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Are we Heading towards the Next AI-Winter?

Posted by Peter Rudin on 25. September 2020 in Essay 1 Comment

While the mutual relevance of humanities, social sciences and neuroscience has increased significantly, the complexity to analyse brain functionality with current AI technology has reached limits. Expanding AI with new insights from neuroscience is required to overcome these barriers.

Abstract concepts like creativity, human desires, social cognition, meaning and free will are necessary components of any conscious being but have proven to be extremely difficult to formalize mathematically.

Keeping human thought and its relationship to individual non-computational experiences alive, human-level AI will remain and support us as a building block for the exploration of new frontiers. Hence a third AI-winter is highly unlikely to occur.

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From AI to the Artificial Brain, are we Ready to Adapt?

Posted by Peter Rudin on 11. September 2020 in Essay No Comments

Artificial brains are man-made machines that are just as intelligent, creative and self-aware as biological brains. No such machine has yet been built and to some scientist’s view, artificial brains will never reach the functionality level of biological human brains.

Based on the exponential growth of scientific knowledge, however, this could happen sometimes within this century, raising the question how humans will adapt to this evolutionary milestone.

Our current philosophical and psychological inventory lacks the capacity to comprehend the impact of this achievement. Consequently, strong ethical guidelines of self-regulation are required. Otherwise humanity runs the risk of becoming slaves of its own creation.

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Deepfakes: Can AI restore Trust and what about Truth?

Posted by Peter Rudin on 28. August 2020 in Essay No Comments

The rise of fake information and the proliferation of artificially generated narratives are challenging publishers as well as social media and e-commerce platforms.

AI provides tools to detect Deepfakes, yet there will be counterefforts to bypass this detection. In this technology-based ‘cops and robbers’ scenario, to distinguish fake from reality and the danger of being manipulated, we have to resort to consciousness and common-sense for the protection of our integrity.

Humans have become ‘sandwiched’ between fake- manipulation and trust. To get out of this position we must apply our unique capacity: think.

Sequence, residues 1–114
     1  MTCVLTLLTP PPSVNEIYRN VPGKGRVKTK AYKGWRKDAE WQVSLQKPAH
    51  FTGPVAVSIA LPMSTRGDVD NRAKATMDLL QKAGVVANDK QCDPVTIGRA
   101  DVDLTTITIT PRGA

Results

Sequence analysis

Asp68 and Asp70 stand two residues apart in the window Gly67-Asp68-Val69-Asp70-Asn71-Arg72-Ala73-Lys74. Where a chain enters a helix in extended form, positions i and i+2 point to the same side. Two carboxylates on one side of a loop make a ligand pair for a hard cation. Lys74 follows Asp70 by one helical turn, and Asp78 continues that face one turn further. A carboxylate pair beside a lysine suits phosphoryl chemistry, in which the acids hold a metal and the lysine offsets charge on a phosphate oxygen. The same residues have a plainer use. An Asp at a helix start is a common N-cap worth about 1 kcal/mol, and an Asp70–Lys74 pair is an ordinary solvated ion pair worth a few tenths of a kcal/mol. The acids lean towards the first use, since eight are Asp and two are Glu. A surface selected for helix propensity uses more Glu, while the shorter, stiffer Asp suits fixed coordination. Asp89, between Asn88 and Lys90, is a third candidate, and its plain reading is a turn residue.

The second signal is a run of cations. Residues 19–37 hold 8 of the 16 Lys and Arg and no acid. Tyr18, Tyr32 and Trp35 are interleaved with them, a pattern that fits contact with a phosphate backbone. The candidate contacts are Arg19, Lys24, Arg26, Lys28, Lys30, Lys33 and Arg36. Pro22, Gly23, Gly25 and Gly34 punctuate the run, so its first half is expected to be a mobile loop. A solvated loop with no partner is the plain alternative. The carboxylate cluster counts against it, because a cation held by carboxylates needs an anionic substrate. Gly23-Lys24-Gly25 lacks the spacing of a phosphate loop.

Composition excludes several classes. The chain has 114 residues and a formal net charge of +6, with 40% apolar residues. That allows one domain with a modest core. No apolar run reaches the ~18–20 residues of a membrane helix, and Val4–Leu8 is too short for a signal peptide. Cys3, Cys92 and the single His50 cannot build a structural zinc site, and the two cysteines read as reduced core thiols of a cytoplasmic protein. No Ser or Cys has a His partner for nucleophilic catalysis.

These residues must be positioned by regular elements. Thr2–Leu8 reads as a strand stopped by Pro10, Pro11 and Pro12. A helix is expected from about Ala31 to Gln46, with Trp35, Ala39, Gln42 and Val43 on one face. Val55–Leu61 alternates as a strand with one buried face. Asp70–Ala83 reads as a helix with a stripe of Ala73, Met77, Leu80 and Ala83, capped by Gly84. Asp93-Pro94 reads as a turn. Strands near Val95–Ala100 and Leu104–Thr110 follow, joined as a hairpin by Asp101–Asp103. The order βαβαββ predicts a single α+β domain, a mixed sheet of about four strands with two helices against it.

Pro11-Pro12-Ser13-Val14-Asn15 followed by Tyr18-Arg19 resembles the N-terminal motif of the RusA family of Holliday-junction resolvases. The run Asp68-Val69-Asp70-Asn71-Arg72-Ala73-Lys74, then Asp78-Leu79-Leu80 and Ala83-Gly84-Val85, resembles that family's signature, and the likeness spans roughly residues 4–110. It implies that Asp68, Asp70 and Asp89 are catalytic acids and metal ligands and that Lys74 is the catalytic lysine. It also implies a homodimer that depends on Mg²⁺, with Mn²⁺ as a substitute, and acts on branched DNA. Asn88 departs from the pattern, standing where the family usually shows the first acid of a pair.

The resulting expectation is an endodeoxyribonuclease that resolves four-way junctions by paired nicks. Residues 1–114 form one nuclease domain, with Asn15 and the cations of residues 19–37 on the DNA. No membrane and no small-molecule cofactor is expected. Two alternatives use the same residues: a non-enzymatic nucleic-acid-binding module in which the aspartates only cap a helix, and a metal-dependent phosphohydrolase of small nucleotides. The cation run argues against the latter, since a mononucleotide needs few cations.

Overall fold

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From Collaboration to Collective AI

Posted by Peter Rudin on 14. August 2020 in Essay No Comments

Humans’ ability to collaborate for reaching otherwise inaccessible goals may be one main cause for our success as a species. Collective intelligence emerges when these contributions are combined to become more than the sum of their parts.

As the individual intellectual capacity of humans is limited vis-à-vis an accelerating increase in scientific and technological complexity, the application of collective intelligence augmented by AI, dubbed CAI, is a major driver for future value generation.

As AI is maturing and eventually turning cognitive intelligence into a commodity, integrating human assets such as curiosity, creativity and moral judgement are a must to realize the value that can be generated with CAI-platforms.

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AI for Survival of the Fittest?

Posted by Peter Rudin on 31. July 2020 in Essay 1 Comment

Evolution did not reach the status of being a scientific theory until Charles Darwin published his famous book ‘On the Origin of Species’ in 1859. Only the ‘fittest’ organisms are likely to survive, passing on their traits to the next generation.

The augmentation of human intelligence with machines is impacting our societies as those ahead in developing and applying this technology are more fit for survival than those which stay behind.

The upcoming automation of AI and the availability of new brain-interface technology to augment and enhance human’s intellectual capacity stipulate that evolution is gradually shifting to a selection based on technological supremacy.